The Canadian banks enjoyed solid earnings in 2019, but 2020 is looking tougher, says Fitch Ratings in a new report.
The rating agency said that the banks’ fourth quarter earnings showed solid loan growth and resilient margins. Revenues were up compared with the same quarter in 2018, although higher loan loss provisions and weaker capital markets weighed on returns.
Looking ahead to next year, Fitch said the challenges to bank earnings are expected to mount.
“We expect to see margin compression, higher provisioning expenses, lower commercial loan growth and lower capital markets transaction activity,” said Mark Narron, director at Fitch Ratings, in a statement.
Some of these headwinds already started showing up in the banks’ 2019 results.
Fitch reported that, on average, the banks’ provisions for credit losses as a share of net loans rose from 29 basis points (bps) in 2018 to 34 bps in 2019.
Capital markets activity was “soft” at the largest banks in Q4, but this was offset by solid performance in wealth management, Fitch said. Wealth management revenues rose by 6% on average in the fourth quarter, and by 10% for fiscal 2019.
Overall margins were largely flat, Fitch said, adding that margin pressure started to emerge in the banks’ U.S. and international operations due to falling rates.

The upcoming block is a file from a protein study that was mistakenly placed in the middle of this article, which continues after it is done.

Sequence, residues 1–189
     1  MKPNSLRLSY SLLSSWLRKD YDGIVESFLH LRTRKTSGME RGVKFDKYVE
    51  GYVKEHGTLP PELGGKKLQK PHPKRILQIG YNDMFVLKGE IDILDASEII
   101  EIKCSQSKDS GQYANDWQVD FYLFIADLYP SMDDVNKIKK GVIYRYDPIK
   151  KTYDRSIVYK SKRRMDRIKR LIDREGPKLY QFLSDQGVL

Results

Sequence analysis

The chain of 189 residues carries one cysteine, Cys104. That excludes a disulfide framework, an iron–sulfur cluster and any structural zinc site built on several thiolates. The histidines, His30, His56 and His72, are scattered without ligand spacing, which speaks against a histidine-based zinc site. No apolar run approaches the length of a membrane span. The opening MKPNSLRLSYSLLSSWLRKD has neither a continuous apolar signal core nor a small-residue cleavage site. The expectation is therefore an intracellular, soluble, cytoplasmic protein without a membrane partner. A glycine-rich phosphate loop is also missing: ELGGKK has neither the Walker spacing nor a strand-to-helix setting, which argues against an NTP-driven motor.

“The three Fed rate cuts in the U.S. pressured Canadian banks’ earnings in their U.S. businesses and pressure will likely continue into fiscal first-quarter 2020 with the last cut announced in October 2019,” said Narron.
“Banks also signalled the possibility of one Bank of Canada policy rate cut in the latter part of 2020, which would put added pressure on margins,” he added. “However, banks’ outlooks for consolidated [margins] are largely stable or modestly down.”
The banks also reported stronger capital positions, Fitch noted, as they added and average of 17 bps in common equity tier 1 capital in 2019. However, they are also facing higher regulatory capital demands, which limits their flexibility for deploying that capital.